David Abraham on Abraham and Thakore’s latest collection made of upcycled materials

Ektaa Malik
Designer David Abraham, Rakesh Thakore recycled fashion, indian express talk, indian express news

David Abraham (right) and Rakesh Thakore.

Stray scraps of cloth and abstract pieces of cut fabrics might be usually thrown away by designers and tailors, but for the past couple of months these ‘katrans’, as they are popularly called in Hindi, were carefully salvaged and kept safe at the Noida workshop of designers David Abraham and Rakesh Thakore, the eponymous names behind the label Abraham and Thakore (AnT).

In fact, the scraps have found a place of pride in their latest collection made of up-cycled material and recycled clothing. The 40-pieces were unveiled on the weekend at the ‘Conscious Culture Design Fair — Future Collective’ at Bikaner House in Delhi. Instead of having models wear the creations, the duo chose to hang them from wooden beams, with a humble twine rope. The effect was akin to that of an art installation. “People should be able to touch and feel clothes. Also, models just go past so fast, there is no time to take in the construction, which is the draw for these particular designs,” shares Abraham.

Designer David Abraham, Rakesh Thakore recycled fashion, indian express talk, indian express news

A design from their latest collection

We see interpretations and variations of classic AnT silhouettes in the collection. It boasts the signature colour palette of the label — black and white — with a hint of beige. The collection features dresses, long jackets, cropped shrugs, culottes, pants and simple shirts. For the embellishments, we see ample patchwork and homely cross-stitch. “We used classic styles and our most popular shapes from over the years. We wanted to make them as accessible as possible. It should be easy to wear as people are already wrapping their head around the fact that this has been pieced together bit-by-bit, that’s enough of a new idea,” says Delhi-based Abraham. He adds, “It was difficult in some ways as the extra stray cloths are abstract shaped. We had to patch them together and re-cut them again. It was much more labourious than making a fresh piece.”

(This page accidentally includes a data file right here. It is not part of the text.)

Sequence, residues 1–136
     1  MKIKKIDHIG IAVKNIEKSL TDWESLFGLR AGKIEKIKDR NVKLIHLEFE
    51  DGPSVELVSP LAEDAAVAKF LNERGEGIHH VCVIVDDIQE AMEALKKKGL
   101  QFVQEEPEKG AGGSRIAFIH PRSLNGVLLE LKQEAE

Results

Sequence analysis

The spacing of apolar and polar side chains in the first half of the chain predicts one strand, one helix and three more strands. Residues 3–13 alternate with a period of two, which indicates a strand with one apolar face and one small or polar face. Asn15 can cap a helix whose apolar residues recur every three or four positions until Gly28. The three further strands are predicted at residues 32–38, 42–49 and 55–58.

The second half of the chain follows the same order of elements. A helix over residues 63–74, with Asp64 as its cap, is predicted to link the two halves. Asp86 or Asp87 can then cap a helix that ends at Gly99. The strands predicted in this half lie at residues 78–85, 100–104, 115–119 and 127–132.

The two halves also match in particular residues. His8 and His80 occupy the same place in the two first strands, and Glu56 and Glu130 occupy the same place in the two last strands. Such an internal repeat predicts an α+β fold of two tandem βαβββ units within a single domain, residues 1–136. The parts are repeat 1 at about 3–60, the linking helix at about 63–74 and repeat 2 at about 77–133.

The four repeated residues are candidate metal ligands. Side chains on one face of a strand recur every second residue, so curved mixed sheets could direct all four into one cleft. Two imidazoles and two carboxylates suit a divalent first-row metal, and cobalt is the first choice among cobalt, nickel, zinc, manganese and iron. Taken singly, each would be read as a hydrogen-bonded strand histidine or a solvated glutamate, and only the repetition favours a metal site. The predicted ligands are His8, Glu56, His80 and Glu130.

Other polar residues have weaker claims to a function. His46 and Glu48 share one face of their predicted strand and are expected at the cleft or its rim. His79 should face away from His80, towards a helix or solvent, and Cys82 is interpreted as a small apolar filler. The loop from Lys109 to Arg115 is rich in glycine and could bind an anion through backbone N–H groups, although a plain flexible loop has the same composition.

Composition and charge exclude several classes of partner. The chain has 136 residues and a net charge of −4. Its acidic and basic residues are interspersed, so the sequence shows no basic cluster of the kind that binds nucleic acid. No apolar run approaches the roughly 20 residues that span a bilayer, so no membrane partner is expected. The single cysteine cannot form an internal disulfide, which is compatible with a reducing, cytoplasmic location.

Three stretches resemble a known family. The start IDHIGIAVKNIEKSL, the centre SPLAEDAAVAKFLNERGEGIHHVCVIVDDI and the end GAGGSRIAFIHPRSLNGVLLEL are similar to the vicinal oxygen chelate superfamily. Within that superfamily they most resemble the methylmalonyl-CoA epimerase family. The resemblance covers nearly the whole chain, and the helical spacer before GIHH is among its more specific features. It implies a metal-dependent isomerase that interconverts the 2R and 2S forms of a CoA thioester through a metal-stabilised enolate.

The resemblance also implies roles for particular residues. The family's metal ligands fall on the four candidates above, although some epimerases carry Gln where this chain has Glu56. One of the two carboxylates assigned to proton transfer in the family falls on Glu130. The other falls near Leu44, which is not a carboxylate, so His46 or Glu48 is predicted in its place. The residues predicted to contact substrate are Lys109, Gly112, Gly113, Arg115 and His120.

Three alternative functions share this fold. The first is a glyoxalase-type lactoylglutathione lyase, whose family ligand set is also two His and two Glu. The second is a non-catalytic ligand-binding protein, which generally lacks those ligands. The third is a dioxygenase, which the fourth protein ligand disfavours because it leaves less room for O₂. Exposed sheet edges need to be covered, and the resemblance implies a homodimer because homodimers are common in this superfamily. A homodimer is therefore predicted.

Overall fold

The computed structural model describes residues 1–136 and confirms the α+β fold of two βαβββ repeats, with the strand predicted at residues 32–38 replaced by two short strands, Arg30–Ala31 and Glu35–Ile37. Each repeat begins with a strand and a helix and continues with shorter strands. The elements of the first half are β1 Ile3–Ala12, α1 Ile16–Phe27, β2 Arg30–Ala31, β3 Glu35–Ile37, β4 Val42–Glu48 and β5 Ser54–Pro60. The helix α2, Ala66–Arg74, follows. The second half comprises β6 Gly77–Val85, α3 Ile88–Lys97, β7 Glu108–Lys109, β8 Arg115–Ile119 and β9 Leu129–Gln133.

The fashion world, globally and now also in India, is increasingly witnessing conversations around upcycling and conscious fashion, given the high amount of waste that is generated from the industry. This collection is an attempt to be aware and mindful of the same, feels Abraham. “India has always had a tradition of upcycling and reusing. The most obvious example is Kantha, which in West Bengal is a highly appreciated craft. It really developed when all the old mulmul saris were patched together to make quilts,” says he, adding, “Upcycling is something that we have been doing. In the old days, I was told in Rajasthan you had a dyer in all corners of the towns and villages. The ghagras and odhnis, coloured in tie-dye pattern, would be worn till they were too faded and then re-dyed."

Designer David Abraham, Rakesh Thakore recycled fashion, indian express talk, indian express news

A design from their latest collection

Abraham feels that we as a society and the fashion fraternity need to go back to the old systems. Additionally, we need to be aware that several people don’t even have access to fashion. “I think, we, the fashion world, live in our own bubble. But we come from a tradition where old clothes were bartered for new utensils. I know we can’t just stop making clothes and people won’t stop buying them, but we can be mindful at least. Invest in classic pieces which will last,” he adds.